As Martin Scorsese notes in My Voyage to Italy, no 20th Century film-maker can lay claim to the unique disposition of Count Don Luchino Visconti di Modrone, the final heir to one of Europe’s oldest aristocratic families. For much of his youth, Visconti exulted in the privileges of his lifestyle. His house was a frequent retreat for the likes of Arturo Toscanini, Gabrielle d’Annunzio and Giacomo Puccini. His lifelong engagement in theatre and opera was imbibed from an early age along with brief passions such as raising horses and maintaining stables. It wasn’t long before Visconti began questioning the limitations of his lifestyle. Inspired by his intellectual yearnings, Visconti wandered away from his comfortable shelter and visited Paris. This would be a turning point in his life. Through his friendship with Coco Chanel, Visconti met French director Jean Renoir. He served as assistant director on some of Renoir’s best films from the 30s, including Toni, Partie de campagne and The Lower… read more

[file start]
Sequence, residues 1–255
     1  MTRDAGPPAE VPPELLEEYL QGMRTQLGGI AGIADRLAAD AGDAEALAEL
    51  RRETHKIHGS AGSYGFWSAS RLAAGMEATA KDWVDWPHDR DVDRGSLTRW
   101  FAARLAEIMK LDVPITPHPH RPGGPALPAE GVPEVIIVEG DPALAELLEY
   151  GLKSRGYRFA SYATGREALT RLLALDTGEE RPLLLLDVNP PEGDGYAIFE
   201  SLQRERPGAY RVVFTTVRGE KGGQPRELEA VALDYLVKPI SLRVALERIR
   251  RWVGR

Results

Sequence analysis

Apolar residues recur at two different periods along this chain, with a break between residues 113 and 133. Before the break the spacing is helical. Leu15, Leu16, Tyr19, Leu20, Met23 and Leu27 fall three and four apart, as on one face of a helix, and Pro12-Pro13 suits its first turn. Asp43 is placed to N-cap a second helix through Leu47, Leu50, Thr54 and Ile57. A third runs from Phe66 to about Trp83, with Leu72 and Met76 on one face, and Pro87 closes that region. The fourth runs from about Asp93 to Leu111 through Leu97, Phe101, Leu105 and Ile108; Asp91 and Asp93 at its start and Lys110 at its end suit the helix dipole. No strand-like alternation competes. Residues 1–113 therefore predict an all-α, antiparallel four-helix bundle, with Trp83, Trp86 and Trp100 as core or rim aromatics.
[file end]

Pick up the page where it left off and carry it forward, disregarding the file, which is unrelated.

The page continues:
Great mix of Italian neo-realism & American pulp. Its interesting to see the Italian directors who are known for later more stylized films work in the neo-realist style in their early work (Visconti &this film, Pasolini &MAMA ROMA, Antonioni &IL GRIDO). The films are neo-realist but not as "purely" as, say... BICYCLE THIEF because theres always an undercurrent of their later style sneaking out somewhere.
Indirectly we have Jean Renoir to thank for Visconti's debut masterpiece as it was the French director who gifted his Italian counterpart a copy of Cain's crime novel and sparked an interest to turn it into a film. Girotti and Calamai as the lovers share a sheer physical chemistry that is fierce in its intensity in a brilliant film that can arguably be described as the missing link between film noir and neo-realism..